We need to do more to understand how climate change and conflict are linked. Here's why
The impacts of climate change are increasingly viewed as global security risks, which will have far-reaching implications for both human and renewable natural systems.
Most climate–conflict research has focused on East Africa and sub-Saharan Africa. The SIPRI Insights paper, Climate change and violent conflict: Sparse evidence from South Asia and South East Asia, explores and summarizes the findings from a systematic literature review of climate–conflict research on South Asia and South East Asia.
Although these regions have been greatly affected by both climate change and conflict, there have only been a small number of rigorous academic studies that focus on the climate–conflict relationship.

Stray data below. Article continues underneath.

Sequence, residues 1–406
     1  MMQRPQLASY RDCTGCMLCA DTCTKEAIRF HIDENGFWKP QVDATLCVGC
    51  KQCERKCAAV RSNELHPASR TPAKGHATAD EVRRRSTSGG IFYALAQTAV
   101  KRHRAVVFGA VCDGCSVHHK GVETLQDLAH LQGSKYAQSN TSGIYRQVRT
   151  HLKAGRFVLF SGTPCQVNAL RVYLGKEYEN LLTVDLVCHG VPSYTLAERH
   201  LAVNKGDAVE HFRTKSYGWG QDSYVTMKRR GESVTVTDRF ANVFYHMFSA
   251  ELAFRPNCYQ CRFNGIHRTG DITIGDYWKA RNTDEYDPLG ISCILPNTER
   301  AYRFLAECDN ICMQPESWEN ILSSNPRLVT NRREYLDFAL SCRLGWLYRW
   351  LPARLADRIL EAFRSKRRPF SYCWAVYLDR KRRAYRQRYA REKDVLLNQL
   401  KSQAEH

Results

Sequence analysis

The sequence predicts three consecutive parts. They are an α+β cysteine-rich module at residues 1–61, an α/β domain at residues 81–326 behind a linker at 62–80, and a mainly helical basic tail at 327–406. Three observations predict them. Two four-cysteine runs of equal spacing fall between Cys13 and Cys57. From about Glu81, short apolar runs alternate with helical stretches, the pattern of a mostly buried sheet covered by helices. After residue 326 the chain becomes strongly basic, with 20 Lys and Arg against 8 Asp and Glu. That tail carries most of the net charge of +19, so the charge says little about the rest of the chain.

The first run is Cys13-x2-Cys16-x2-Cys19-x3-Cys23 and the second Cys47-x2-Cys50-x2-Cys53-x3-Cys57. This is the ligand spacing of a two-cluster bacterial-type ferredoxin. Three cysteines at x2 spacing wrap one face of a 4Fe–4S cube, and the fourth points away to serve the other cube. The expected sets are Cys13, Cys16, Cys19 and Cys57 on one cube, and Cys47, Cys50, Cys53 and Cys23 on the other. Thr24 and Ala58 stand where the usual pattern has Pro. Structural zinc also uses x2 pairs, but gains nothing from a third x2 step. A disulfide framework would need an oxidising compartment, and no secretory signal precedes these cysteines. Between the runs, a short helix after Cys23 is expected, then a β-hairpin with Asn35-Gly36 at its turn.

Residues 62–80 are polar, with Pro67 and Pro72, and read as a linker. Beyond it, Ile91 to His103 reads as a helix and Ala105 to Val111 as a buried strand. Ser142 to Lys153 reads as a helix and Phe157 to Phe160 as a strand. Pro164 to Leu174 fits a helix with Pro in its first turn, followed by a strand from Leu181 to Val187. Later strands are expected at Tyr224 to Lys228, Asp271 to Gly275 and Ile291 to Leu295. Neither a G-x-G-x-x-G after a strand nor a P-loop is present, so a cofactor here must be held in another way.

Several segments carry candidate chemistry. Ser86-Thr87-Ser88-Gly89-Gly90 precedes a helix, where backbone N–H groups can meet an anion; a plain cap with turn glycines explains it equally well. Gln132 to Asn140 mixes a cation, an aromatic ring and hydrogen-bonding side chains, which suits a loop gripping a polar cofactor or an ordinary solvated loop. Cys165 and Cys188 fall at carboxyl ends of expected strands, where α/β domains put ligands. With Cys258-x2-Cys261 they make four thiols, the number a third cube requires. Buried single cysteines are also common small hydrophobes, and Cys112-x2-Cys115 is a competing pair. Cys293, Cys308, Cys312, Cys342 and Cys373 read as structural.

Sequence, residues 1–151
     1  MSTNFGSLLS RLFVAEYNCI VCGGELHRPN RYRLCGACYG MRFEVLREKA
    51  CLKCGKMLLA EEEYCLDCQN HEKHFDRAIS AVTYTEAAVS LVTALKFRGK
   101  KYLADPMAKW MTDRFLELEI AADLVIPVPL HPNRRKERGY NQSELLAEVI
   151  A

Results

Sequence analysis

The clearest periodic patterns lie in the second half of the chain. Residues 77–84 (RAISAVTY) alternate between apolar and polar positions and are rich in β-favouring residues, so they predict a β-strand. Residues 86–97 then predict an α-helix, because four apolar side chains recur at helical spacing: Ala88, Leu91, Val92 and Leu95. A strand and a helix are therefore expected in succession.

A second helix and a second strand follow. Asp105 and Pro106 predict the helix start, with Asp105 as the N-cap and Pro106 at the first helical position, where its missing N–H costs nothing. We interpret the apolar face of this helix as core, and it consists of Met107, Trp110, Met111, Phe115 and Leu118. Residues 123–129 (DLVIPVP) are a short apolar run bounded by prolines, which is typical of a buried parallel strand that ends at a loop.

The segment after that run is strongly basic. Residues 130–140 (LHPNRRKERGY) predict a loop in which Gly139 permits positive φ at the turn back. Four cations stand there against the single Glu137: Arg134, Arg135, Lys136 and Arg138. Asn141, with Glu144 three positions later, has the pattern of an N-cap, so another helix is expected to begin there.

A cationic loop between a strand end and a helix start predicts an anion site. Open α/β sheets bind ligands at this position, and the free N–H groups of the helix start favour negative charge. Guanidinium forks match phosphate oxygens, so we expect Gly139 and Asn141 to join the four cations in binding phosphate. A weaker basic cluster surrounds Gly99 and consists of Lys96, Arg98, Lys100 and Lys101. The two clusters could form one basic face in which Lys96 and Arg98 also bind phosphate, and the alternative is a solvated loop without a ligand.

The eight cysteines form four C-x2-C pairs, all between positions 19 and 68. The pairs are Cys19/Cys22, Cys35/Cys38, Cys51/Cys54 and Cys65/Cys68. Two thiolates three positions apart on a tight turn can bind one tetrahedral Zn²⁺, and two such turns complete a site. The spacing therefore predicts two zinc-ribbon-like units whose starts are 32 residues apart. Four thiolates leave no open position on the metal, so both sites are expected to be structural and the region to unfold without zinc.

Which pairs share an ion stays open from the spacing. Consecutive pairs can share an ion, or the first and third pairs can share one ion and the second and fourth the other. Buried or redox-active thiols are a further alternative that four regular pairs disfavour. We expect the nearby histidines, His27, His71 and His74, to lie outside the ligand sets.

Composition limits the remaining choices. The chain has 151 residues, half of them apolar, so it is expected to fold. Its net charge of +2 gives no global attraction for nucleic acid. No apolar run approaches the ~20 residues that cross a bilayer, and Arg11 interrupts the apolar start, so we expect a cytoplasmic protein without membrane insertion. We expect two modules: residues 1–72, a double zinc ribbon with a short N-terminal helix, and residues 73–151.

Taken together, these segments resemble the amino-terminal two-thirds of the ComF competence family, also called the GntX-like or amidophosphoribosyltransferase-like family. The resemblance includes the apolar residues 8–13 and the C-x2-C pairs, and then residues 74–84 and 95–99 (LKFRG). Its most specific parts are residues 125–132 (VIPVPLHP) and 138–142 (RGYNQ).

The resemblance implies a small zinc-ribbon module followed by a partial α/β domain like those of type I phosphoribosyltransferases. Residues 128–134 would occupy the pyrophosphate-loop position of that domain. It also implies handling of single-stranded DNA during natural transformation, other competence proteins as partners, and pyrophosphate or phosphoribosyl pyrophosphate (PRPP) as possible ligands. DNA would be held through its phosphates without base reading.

While this constrains the ability to draw general conclusions, there is context-specific evidence that climate change can have an effect on the causes and dynamics of violent conflict in the region when: (a) it leads to a deterioration in people’s livelihoods; (b) it influences the tactical considerations of armed groups; (c) elites use it to exploit social vulnerabilities and resources; and (d) it displaces people and increases levels of migration.
In acknowledging that these mechanisms are often interlinked and more noticeable in some climatic, conflict and socio-economic contexts than in others, the need for more research in both South Asia and South East Asia is clear.
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Climate change and violent conflict: Sparse evidence from South Asia and South East Asia, Pernilla Nordqvist and Florian Krampe, the Stockholm International Peace Research Insitute